NEWS
By Liz Bowie, The Baltimore Sun | January 13, 2012
Baltimore County school employees have reached a tentative agreement with the school system that would raise the contributions employees make to their health care plans over the next five years in exchange for guarantees that there will be no layoffs or furloughs for three years. Over the next five years, the county's contribution to their health care premiums would drop to 80 percent from 90 percent, which would bring school employees in line with other county workers. School employees who elect to join an HMO would pay less than those who choose the other plans.
NEWS
By Jackie Powder and Jackie Powder,SUN STAFF | May 6, 1998
Teachers and other groups of Carroll County school employees would receive a 2 percent across-the-board raise under the terms of tentative agreements between two school employees unions and the Board of Education.The Carroll County Education Association, which represents about 1,300 teachers, sent the proposal to its members Monday after two months of negotiating with the school board bargaining team."I think it's the best we can get," said Ralph C. Blevins, president of the teachers union.
NEWS
August 14, 2012
Please explain why Baltimore County school "leaders" agreed to pay $150,000 to the two school employees who were given contracts by former Superintendent Joe Hairston if the contract was illegal? (School system agrees to settlement with two employees," Aug. 13.) This makes no sense and is another example of unelected people making decisions for those whose taxes pay the freight! As a taxpayer, I resent this type of activity and expect the county executive to rescind this nonsense or Mr. Hairston to pony up to the county treasury.
NEWS
Luke Broadwater, Erica L. Green and Scott Calvert, The Baltimore Sun | February 17, 2014
City lawmakers said Monday that they were shocked by newly published reports of school violence and plan to hold hearings to address the hundreds of injury claims filed by teachers. Mary Pat Clarke, chairwoman of the City Council's education committee and a former teacher, said she was taken aback by a Baltimore Sun investigation that included firsthand accounts of teachers who were assaulted in the city's schools. In the last fiscal year, more than 300 workers' compensation claims were related to assaults or run-ins with students, according to data obtained by The Sun. School employees suffer more injuries than those in any city agency except the Police Department, the data show.
NEWS
By Luke Lavoie, llavoie@tribune.com | November 7, 2013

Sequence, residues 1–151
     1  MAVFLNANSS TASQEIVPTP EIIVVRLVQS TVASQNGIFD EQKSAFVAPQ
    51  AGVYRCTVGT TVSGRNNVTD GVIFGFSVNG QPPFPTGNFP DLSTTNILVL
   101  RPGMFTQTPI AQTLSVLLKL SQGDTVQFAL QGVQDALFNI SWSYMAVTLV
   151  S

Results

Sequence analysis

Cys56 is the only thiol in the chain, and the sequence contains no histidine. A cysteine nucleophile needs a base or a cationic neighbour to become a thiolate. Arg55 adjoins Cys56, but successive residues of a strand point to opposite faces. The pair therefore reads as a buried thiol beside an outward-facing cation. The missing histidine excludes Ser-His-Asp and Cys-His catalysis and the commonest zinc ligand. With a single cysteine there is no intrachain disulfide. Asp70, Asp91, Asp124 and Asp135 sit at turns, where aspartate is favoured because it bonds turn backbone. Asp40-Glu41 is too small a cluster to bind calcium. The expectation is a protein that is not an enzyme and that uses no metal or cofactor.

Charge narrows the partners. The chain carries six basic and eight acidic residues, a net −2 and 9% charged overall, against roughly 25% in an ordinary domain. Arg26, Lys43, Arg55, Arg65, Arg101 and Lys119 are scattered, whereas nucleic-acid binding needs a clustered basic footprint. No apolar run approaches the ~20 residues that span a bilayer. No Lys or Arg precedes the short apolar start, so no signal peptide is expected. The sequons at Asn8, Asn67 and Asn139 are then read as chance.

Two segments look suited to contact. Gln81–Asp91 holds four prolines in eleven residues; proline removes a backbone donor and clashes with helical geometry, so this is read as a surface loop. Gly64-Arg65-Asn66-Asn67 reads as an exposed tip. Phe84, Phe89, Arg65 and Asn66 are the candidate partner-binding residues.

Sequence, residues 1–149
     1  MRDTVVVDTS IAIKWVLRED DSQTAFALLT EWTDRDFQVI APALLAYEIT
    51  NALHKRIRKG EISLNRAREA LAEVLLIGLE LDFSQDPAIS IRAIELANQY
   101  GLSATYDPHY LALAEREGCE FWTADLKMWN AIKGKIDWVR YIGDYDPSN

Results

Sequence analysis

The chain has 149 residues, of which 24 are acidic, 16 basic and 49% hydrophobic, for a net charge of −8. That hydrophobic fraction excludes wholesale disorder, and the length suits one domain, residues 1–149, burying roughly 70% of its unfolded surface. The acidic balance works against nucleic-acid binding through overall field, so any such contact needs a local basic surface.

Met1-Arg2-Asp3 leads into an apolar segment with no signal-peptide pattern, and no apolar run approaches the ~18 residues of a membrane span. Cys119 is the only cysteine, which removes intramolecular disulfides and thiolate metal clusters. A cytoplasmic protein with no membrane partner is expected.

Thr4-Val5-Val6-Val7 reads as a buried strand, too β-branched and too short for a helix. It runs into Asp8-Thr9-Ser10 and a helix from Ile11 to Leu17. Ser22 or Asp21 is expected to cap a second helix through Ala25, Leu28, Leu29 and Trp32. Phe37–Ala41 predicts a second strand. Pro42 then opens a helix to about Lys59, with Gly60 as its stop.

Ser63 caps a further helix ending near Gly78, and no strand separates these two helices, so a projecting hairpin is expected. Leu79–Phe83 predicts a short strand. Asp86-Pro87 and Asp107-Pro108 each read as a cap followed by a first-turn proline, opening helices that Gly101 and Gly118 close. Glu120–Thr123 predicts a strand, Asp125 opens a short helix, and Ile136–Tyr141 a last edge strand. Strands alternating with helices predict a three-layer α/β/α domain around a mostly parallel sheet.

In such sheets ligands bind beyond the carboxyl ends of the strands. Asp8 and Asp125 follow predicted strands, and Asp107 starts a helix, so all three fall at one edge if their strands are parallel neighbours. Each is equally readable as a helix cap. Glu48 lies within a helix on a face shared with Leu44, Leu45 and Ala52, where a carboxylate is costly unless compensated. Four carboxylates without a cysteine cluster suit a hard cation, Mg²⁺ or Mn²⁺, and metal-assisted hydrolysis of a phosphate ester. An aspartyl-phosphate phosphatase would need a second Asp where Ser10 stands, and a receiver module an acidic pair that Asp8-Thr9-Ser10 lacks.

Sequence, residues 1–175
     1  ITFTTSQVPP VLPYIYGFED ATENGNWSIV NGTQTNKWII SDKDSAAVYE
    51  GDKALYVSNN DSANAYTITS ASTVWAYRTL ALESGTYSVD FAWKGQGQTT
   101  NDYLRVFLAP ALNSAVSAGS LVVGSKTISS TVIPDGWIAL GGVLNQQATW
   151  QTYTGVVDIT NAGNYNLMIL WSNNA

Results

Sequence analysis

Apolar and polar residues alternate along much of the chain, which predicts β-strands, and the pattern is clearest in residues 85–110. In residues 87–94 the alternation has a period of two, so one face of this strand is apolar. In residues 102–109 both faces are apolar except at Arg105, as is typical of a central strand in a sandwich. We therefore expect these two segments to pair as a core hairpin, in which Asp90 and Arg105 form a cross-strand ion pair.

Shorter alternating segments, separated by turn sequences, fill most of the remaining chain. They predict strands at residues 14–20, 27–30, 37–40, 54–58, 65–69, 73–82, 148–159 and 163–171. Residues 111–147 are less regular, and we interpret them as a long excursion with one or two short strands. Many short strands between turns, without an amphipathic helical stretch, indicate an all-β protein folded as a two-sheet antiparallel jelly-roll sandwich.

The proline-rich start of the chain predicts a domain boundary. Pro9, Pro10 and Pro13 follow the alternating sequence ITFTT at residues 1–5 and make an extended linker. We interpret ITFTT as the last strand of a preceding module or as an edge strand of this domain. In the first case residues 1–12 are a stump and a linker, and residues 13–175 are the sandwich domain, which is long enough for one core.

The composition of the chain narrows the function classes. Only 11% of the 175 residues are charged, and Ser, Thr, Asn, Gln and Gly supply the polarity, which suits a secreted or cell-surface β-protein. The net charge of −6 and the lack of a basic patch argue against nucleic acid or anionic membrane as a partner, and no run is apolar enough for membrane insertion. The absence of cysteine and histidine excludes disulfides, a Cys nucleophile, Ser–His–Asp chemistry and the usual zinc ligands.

After eight days of testimony, the prosecution rested its case Thursday afternoon in the Howard County sex abuse trial of a former employee for the Maryland School for the Deaf in Columbia.   Clarence Cepheus Taylor III, 38, of Baltimore County, is a former student life counselor and dormitory aid accused of sexually abusing seven deaf girls who were students at the school between 2008 and 2011. According to State's Attorney spokesman Wayne Kirwan, Judge William V. Tucker allowed Taylor to sleep on his decision to testify on his behalf on Friday.
NEWS
April 9, 2013
As a recent letter to the editor noted, studies have shown that a gun in the home increases the risk of suicide, murder and accidents ("Arming school employees only raises danger," April 7). As a footnote to all the media coverage about the massacre that occurred in Newtown, Conn., it should be noted that had Adam Lanza's mother taken the precautions needed and necessary to having guns in her home with an unstable individual having access to them, just maybe this terrible shooting would not have occurred.
NEWS
April 8, 2013
Policymakers charged with creating new gun laws should be guided by scientific evidence. Fortunately, there are data to inform them when considering the National Rifle Association task force proposal to arm more school personnel ("Gun advocates detail plan to arm teachers," April 3). We don't know whether more guns in schools will make schools safer. However, here is what we do know for certain: Each school staff member who becomes a new gun owner will create a more dangerous home.
NEWS
By Joe Burris, The Baltimore Sun | March 21, 2013